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Stakeholder Engagement: Collaborating for Bottom Line Benefits

| Wednesday June 22nd, 2011 | 0 Comments

This post is part of a series on Stakeholder Engagement sponsored by Jurat Software.

By Cindy Mehallow
“Do companies compete over CSR?” asked Tim Mohin, corporate responsibility Advanced Micro Devices (AMD), as he addressed a session at the recent Responsible Business Summit sponsored by Ethical Corporation.  When a only a few conference participants ventured a tenative “yes,” Mohin supplied the answer: “They sure do!”

Companies vie for top billing on Newsweek’s 2010 Green Rankings, the Dow Jones Sustainability Index and a host of other green rankings. High scores can pay off with enhanced reputation, attention from investors, and interest from values-driven prospective employees.

Despite this competition, Mohin urged meeting participants to consider the value of “collaboratition,” a term he coined to describe a judicious blend of collaboration and competition among industry sector peers.   As a semiconductor design innovator, AMD has good reason to be wary of its high tech rivals, but that didn’t stop Mohin from endorsing the value of teaming with industry peers and partners to advance sustainability initiatives and even benefit the bottom line.

Mohin began by citing the creation of the Electronic Industry Citizenship Coalition (EICC)which he helped launch when he was at Intel. With the assistance of Business for Social Responsibility, Intel and other leading information communication technology companies worked through the EICC  to craft an industry Code of Conduct for global electronics supply chains to improve working and environmental conditions. The group then went on to develop an array of  tools for risk-assessment, self-assessment, and corrective  plans.

The industry group has tackled also issues such as conflict minerals through its Conflict-Free Smelter (CFS) program, a voluntary program in which an independent third party assesses a smelter’s procurement activities and determines if the smelter demonstrated that all the materials they processed originated from conflict-free sources.  In a expansion of this collaboration, EICC joined with the Global e-Sustainability Initiative (GeSI) earlier this year to update the Conflict-Free Smelter (CFS) protocol relating to smelter due diligence requirements.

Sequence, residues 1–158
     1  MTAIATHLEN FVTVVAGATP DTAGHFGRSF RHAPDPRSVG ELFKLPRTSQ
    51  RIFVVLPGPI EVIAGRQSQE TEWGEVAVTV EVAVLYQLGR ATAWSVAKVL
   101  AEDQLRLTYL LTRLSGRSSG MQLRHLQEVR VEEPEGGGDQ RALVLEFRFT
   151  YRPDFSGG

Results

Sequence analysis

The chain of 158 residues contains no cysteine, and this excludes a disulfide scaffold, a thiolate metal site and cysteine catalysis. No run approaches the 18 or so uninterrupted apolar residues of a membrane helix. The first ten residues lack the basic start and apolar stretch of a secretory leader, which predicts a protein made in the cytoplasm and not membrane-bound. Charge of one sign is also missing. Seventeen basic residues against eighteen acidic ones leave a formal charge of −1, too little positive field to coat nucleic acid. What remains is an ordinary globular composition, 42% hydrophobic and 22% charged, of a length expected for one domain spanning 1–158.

“Through this program, conflict minerals can now be traced across the entire supply chain from smelter to cellphone,” explained Mohin. “Suppliers, customers and competitors are all partnering on this issue.”

Mohin went on to offer guidance for deciding when to collaborate and  when to compete. Collaboration works best when:

  • The objective cannot be accomplished alone. Think managing conflict minerals.
  • There are mutual efficiency and cost benefits. Think supplier responsibility.
  • Sponsored partnerships and cause-related marketing, such as Product Red and breast cancer pink
  • Shared  common goals such as influencing government regulations.

However, it’s time to compete when your company is pursuing different goals, such as its own energy efficiency, or conducting brand-linked marketing.

Mohin offers this advice for getting the most out of joining industry associations and coalitions.  Get involved; give credit to the coalition; sign a non-disclosure agreement; seek advice from anti-trust attorneys; be transparent when you can and cannot collaborate.

“Think about collaborating with your competition, but with boundaries,” recommended Mohin.


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